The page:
5 Signs of a Shoplifter
Shoplifting is a critical problem that persists in the retail industry. It’s become such an issue that over $13 billion worth of goods are stolen each year, which equals $35 million per day. What’s even more unsettling is only one in 48 shoplifters are ever caught, with only about half ever prosecuted.
While it may be impossible to stop shoplifting entirely, there are simple yet effective ways to monitor patrons and determine if they’re stealing items. It’s important to train managers and staff on how to spot suspicious activity and report it. Here are the five most common signs of a shoplifter:
- They Loiter Inside or Outside Your Store
Shoplifters may loiter around certain areas of the store, such as the entrance or near high-value items. They may also notice surveillance blind spots and target those locations, which is something you should take into account when evaluating your store’s security measures.
Individuals tend to scope out in-store security measures and wait for a good opportunity to steal. If an employee notices someone loitering in your store, they should keep an eye on the person and make sure other staff are aware of their presence. Consider asking if they need help finding anything but be cautious. If they continue to hover, they may be waiting for the right time to shoplift.
- They Display Nervousness
Many shoplifters are petty criminals and not experienced thieves, so there’s a strong chance they’ll be a little nervous when attempting to shoplift. Shoplifters may exhibit signs of anxiety or nervousness, such as fidgeting, avoiding eye contact, avoiding cameras, sweating, etc. If you notice someone exhibiting these signs, keep an eye on them and make sure your staff is aware of their presence.
It’s an important reminder that nervousness isn’t a definite sign someone intends to steal. Some people may be feeling uncomfortable or overwhelmed in a new environment. It’s important to approach all customers with kindness and professionalism while keeping an eye out for suspicious behavior.
- They Spend a Lot of Time in Dressing Rooms
For many department and clothing stores, fitting rooms are popular targets for shoplifters, as they provide a private space to conceal stolen items. Fitting rooms also allow individuals to remove tags to avoid the electronic sensors at the entrance of most retail locations.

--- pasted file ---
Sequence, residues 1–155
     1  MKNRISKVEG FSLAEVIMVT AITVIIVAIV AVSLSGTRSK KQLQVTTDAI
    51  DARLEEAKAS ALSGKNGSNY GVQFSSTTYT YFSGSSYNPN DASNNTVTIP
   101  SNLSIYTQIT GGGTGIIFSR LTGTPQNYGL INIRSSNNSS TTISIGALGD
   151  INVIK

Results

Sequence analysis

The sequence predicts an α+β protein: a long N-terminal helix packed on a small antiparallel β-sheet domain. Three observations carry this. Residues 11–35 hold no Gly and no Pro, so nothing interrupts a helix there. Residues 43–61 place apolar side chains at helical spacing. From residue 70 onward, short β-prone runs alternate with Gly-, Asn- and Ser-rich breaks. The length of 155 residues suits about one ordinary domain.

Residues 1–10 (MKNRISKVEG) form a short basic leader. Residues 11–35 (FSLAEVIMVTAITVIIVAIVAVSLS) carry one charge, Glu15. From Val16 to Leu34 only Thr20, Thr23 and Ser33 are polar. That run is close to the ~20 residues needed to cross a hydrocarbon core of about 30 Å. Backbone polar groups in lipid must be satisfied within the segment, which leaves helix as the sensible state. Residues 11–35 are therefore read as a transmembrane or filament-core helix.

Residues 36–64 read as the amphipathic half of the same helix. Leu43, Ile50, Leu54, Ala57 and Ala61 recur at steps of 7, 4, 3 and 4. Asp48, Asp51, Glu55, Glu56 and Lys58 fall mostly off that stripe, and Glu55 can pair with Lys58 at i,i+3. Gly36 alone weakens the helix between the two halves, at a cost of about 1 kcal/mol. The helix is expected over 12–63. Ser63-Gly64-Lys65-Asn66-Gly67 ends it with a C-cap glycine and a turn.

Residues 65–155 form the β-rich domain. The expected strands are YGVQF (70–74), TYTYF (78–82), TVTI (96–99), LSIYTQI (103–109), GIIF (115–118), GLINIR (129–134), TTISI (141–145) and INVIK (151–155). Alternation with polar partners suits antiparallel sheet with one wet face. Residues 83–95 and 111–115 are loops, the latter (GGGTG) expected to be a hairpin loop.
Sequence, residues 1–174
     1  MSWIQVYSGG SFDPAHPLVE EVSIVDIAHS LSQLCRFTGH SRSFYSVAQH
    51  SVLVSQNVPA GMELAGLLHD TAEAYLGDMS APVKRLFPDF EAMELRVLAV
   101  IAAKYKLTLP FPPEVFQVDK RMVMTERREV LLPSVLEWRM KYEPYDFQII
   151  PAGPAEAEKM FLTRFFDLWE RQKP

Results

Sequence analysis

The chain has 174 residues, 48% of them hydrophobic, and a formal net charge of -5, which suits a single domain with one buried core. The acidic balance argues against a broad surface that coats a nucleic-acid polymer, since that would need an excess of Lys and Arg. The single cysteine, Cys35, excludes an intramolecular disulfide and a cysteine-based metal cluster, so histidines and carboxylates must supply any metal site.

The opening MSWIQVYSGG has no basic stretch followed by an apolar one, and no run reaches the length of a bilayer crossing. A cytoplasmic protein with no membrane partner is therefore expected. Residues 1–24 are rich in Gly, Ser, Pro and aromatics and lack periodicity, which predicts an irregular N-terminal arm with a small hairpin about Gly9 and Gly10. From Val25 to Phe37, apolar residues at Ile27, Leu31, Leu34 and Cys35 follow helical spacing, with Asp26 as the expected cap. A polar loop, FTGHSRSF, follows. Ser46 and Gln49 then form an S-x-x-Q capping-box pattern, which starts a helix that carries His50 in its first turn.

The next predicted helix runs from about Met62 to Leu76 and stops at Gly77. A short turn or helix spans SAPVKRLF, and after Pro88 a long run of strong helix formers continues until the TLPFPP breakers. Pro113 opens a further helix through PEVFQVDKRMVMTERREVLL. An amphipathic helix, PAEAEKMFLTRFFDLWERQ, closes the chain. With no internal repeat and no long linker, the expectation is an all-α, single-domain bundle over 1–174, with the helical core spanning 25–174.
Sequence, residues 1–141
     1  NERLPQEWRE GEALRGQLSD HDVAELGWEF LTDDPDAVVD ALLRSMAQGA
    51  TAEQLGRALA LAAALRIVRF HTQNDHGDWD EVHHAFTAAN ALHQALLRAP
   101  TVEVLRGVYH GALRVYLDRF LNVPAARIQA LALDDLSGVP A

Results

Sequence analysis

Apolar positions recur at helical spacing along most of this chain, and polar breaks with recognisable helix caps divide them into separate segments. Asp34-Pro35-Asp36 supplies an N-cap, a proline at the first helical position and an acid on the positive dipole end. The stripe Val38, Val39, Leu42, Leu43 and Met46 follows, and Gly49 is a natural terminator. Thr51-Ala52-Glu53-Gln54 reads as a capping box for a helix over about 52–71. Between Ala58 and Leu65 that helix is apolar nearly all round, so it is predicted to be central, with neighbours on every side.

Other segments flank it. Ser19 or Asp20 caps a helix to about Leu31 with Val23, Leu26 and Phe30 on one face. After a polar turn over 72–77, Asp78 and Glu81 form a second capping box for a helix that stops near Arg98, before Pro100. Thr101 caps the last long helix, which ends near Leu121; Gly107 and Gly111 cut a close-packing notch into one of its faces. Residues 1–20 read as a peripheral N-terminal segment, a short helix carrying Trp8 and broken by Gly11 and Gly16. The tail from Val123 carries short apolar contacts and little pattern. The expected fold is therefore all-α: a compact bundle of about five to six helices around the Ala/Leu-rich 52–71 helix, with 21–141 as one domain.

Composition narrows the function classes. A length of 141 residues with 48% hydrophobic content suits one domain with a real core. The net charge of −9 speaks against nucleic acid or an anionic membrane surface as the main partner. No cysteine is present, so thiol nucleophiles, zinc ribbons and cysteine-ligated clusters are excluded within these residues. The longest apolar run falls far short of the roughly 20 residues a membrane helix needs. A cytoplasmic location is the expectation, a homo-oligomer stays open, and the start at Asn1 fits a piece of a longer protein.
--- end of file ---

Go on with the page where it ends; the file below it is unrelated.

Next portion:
In some cases, shoplifters may make multiple trips to the fitting rooms but only return a few items they take inside. Keep an eye out for empty hangers or tags left in the fitting room, as these may be signs of stolen items. It’s important to have a system in place to monitor fitting rooms, such as assigning staff to check on them regularly or limiting the number of items customers can take in at one time.
- They Bring Large Bags into the Store
Customers who bring large bags into stores are a red flag for retailers. A large bag can allow shoplifters to conceal merchandise and make it easier to exit the store undetected. In some cases, shoplifters could use empty bags with the store’s logo on them to make it look like they paid for the items when leaving.
To mitigate the risk of shoplifting, stores should have a policy in place that restricts customers from bringing in large bags upon entry. Backpacks, duffle bags, and grocery bags, among others, should be discouraged inside store premises. The policy not only deters potential shoplifters but makes it easier for employees to spot suspicious behavior.
- They Work in Pairs or Groups and Try to Distract Employees
Shoplifters sometimes work in teams to distract store employees, be a lookout, or create a diversion while another person steals merchandise. They may also use their body language or behavior to distract store employees from noticing the theft taking place.
Pairs/groups are generally more dangerous because they often plan these events beforehand, and it’s a lot harder to track multiple people at once inside a store. Retailers should train their employees to recognize and respond appropriately to suspicious activity, especially when they believe multiple people are involved.
Just remember, not all pairs/groups inside a store are shoplifters. However, if you notice groups who display some of the tendencies above or see individuals attempting to distract employees, it’s reasonable to raise suspicion and keep a close eye on them.
Shoplifting Prevention with Boyd & Associates
As a retailer, preventing shoplifting is critical for maintaining profits and ensuring the safety of both customers and employees. By recognizing the signs of a potential shoplifter, retailers can take proactive measures to deter theft and protect their assets.
In addition to training employees, retailers can also partner with security companies like us to implement advanced security measures. Boyd & Associates offers a range of security services and solutions, all designed to keep your store protected. Take action to protect your business today by contacting us to learn more.
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